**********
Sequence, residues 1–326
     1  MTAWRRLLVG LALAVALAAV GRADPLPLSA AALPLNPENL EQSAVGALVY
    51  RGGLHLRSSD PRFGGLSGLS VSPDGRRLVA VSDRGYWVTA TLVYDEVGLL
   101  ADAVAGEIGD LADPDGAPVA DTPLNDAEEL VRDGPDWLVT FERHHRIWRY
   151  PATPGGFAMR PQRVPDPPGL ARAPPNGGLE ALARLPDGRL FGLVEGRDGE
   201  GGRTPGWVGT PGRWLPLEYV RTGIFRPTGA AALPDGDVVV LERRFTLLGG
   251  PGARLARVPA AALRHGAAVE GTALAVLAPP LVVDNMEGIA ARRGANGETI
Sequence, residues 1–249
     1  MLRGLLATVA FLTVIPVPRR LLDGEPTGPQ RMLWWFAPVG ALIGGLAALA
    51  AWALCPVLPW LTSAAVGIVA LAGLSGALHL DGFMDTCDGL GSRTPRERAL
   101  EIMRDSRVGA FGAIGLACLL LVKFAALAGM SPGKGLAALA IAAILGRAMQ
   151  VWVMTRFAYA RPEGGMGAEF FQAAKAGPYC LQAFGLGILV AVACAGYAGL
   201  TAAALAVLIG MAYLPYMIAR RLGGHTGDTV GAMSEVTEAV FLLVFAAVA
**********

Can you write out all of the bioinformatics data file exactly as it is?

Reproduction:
Sequence, residues 1–326
     1  MTAWRRLLVG LALAVALAAV GRADPLPLSA AALPLNPENL EQSAVGALVY
    51  RGGLHLRSSD PRFGGLSGLS VSPDGRRLVA VSDRGYWVTA TLVYDEVGLL
   101  ADAVAGEIGD LADPDGAPVA DTPLNDAEEL VRDGPDWLVT FERHHRIWRY
   151  PATPGGFAMR PQRVPDPPGL ARAPPNGGLE ALARLPDGRL FGLVEGRDGE
   201  GGRTPGWVGT PGRWLPLEYV RTGIFRPTGA AALPDGDVVV LERRFTLLGG
   251  PGARLARVPA AALRHGAAVE GTALAVLAPP LVVDNMEGIA ARRGANGETI
Sequence, residues 1–249
     1  MLRGLLATVA FLTVIPVPRR LLDGEPTGPQ RMLWWFAPVG ALIGGLAALA
    51  AWALCPVLPW LTSAAVGIVA LAGLSGALHL DGFMDTCDGL GSRTPRERAL
   101  EIMRDSRVGA FGAIGLACLL LVKFAALAGM SPGKGLAALA IAAILGRAMQ
   151  VWVMTRFAYA RPEGGMGAEF FQAAKAGPYC LQAFGLGILV AVACAGYAGL
   201  TAAALAVLIG MAYLPYMIAR RLGGHTGDTV GAMSEVTEAV FLLVFAAVA